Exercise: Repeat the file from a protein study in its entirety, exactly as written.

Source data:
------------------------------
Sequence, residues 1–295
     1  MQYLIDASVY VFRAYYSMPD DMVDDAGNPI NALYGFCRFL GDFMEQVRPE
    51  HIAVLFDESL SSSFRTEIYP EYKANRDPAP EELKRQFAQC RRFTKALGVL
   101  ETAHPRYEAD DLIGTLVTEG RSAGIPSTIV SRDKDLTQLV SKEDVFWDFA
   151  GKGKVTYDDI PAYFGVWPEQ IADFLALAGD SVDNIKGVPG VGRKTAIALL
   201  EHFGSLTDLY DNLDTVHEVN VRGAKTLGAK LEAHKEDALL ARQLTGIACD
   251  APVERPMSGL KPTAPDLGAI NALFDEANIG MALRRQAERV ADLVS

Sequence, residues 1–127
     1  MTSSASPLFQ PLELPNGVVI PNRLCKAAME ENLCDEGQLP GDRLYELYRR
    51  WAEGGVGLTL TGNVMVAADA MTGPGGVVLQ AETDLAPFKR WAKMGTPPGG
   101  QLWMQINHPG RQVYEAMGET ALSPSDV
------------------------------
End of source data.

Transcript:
Sequence, residues 1–295
     1  MQYLIDASVY VFRAYYSMPD DMVDDAGNPI NALYGFCRFL GDFMEQVRPE
    51  HIAVLFDESL SSSFRTEIYP EYKANRDPAP EELKRQFAQC RRFTKALGVL
   101  ETAHPRYEAD DLIGTLVTEG RSAGIPSTIV SRDKDLTQLV SKEDVFWDFA
   151  GKGKVTYDDI PAYFGVWPEQ IADFLALAGD SVDNIKGVPG VGRKTAIALL
   201  EHFGSLTDLY DNLDTVHEVN VRGAKTLGAK LEAHKEDALL ARQLTGIACD
   251  APVERPMSGL KPTAPDLGAI NALFDEANIG MALRRQAERV ADLVS

Sequence, residues 1–127
     1  MTSSASPLFQ PLELPNGVVI PNRLCKAAME ENLCDEGQLP GDRLYELYRR
    51  WAEGGVGLTL TGNVMVAADA MTGPGGVVLQ AETDLAPFKR WAKMGTPPGG
   101  QLWMQINHPG RQVYEAMGET ALSPSDV